Daily Briefing

Ten Things You Need to Know Today: 10 March 2022

The Week’s daily digest of the news agenda, published at 8am

1

Hospital attack ‘a war crime’

Volodymyr Zelenskyy has described Russia’s attack on a children’s hospital and maternity ward in the southern city of Mariupol as a “war crime”. In an address posted on Telegram, the president said yesterday’s air strikes were “the ultimate evidence that genocide of Ukrainians is happening”. The White House condemned the “barbaric” attack and Boris Johnson tweeted that “there are few things more depraved than targeting the vulnerable and defenceless”. Foreign ministers from Russia and Ukraine are meeting in Turkey today for the first high-level talks between the neighbouring countries since the war broke out.

2

Russia ‘may use chemical attack’

Moscow could be planning a chemical or biological weapon attack in Ukraine, according to the White House. Press secretary Jen Psaki said Russia’s claims about US biological weapon labs and chemical weapon development in Ukraine were false and an “obvious ploy” to try to justify fresh attacks, reported the BBC. “We should all be on the lookout for Russia to possibly use chemical or biological weapons in Ukraine,” she added. The Guardian said Vladimir Putin “used the same false justification for brutal bombings in Syria” and pointed out parallels between the two conflicts.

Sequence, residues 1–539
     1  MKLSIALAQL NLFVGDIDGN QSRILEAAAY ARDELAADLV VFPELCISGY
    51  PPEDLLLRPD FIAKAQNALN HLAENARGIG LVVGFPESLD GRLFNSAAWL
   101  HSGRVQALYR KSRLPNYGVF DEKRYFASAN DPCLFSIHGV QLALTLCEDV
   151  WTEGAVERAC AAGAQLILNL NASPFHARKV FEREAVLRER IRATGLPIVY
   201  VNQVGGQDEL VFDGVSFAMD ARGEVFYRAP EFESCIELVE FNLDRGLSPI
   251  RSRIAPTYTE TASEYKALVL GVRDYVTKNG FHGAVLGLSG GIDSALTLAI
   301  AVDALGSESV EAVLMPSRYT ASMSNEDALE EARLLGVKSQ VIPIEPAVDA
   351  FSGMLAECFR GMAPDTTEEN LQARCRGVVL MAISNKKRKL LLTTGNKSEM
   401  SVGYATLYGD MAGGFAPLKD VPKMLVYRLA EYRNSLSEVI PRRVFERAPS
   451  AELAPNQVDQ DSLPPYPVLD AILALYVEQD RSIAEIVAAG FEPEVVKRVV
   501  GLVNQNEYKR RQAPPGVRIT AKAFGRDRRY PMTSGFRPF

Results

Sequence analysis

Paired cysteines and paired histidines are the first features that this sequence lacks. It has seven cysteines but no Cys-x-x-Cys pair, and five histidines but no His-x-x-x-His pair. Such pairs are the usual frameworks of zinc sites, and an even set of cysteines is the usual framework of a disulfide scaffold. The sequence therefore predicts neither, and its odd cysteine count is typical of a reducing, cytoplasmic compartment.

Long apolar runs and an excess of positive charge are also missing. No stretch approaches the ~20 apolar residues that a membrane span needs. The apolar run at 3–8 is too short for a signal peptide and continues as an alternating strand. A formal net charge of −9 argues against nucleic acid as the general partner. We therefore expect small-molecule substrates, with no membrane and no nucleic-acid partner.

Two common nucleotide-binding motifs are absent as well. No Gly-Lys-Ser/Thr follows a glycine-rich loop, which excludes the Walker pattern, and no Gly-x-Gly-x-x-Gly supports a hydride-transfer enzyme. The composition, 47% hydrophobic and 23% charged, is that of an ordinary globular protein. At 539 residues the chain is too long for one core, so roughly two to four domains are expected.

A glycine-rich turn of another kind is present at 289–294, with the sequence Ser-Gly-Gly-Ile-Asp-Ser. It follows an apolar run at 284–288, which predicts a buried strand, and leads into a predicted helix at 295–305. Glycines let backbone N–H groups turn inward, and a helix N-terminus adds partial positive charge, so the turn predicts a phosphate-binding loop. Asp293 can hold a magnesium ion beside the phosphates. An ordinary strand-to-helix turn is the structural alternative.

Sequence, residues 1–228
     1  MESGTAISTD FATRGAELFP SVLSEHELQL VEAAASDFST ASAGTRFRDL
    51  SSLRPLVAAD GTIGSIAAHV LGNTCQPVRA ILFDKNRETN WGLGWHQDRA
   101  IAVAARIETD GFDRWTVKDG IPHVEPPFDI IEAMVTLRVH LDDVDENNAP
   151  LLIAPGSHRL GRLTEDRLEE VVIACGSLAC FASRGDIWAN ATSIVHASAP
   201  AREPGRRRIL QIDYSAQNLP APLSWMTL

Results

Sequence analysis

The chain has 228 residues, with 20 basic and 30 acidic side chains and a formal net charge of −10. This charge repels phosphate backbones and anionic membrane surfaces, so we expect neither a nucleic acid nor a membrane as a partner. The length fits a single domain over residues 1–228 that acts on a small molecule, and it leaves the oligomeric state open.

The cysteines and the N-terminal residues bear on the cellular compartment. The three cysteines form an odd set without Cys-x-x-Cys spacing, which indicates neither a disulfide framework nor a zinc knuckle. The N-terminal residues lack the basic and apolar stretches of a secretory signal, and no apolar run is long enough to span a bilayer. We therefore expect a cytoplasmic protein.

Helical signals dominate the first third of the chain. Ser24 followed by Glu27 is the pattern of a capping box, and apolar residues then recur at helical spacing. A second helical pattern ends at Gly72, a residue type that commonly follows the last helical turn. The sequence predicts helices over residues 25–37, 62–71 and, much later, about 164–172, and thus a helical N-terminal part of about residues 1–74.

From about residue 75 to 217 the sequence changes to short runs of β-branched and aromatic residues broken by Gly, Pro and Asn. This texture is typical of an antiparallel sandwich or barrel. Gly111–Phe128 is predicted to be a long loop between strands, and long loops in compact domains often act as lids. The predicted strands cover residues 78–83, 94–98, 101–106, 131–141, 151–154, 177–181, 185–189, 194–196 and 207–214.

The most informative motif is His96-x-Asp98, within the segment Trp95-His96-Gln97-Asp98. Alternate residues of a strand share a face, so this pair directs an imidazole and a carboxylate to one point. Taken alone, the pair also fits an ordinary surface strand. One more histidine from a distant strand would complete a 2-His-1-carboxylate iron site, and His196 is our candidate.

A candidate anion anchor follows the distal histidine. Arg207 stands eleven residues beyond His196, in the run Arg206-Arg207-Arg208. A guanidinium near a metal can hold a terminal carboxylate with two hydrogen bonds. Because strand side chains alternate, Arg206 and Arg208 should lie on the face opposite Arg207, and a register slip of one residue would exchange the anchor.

3

Oil falls after UAE statement

Oil prices have plunged after the United Arab Emirates said it supported pumping more oil into the Ukraine-impacted market. Following weeks of soaring prices, Brent crude fell by more than 17% after the statement by the UAE, a member of the powerful oil cartel Opec, said the BBC. There are reports that Iraq will also support increased supply. Sky News said a slip in the oil price could ease the outlook for motorists, at least for the next few months.

4

Cancer verdict within 28 days

Patients with suspected cancer should get a diagnosis or an all-clear within 28 days under NHS plans which could be introduced this autumn. Health secretary Sajid Javid said the changes would “save more lives”. But The Daily Telegraph noted that plans for patients to see a specialist within two weeks after an urgent referral from a GP will be scrapped. The latest data shows that the number of patients who are waiting more than two months to start treatment after an urgent referral “has reached a high not seen since the end of the first lockdown”.

5

Drainage issue caused rail crash

Investigators have concluded that a drainage system wrongly built by Carillion and unchecked by Network Rail led to the Stonehaven train crash, said The Guardian. Three people died in August 2020 when the passenger train from Aberdeen to Glasgow derailed at Carmont, near Stonehaven, after heavy rainfall. It was the worst fatal event on the UK railways in 18 years. Lawyers for relatives of victims of the crash told The Scotsman that the report “clearly shows rail management had prior knowledge of several known risks – they were told to improve, yet still failed to act”.